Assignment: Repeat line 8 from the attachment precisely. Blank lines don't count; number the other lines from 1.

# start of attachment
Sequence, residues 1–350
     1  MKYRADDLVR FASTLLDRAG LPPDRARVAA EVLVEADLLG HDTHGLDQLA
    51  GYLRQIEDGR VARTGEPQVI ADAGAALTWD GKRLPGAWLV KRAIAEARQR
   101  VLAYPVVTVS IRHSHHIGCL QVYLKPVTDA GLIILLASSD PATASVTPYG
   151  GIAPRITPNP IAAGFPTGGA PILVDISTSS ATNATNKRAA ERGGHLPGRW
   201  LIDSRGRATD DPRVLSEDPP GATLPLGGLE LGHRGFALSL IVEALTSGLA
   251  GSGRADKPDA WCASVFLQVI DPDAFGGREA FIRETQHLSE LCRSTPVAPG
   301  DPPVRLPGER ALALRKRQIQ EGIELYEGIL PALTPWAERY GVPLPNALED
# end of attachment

   301  DPPVRLPGER ALALRKRQIQ EGIELYEGIL PALTPWAERY GVPLPNALED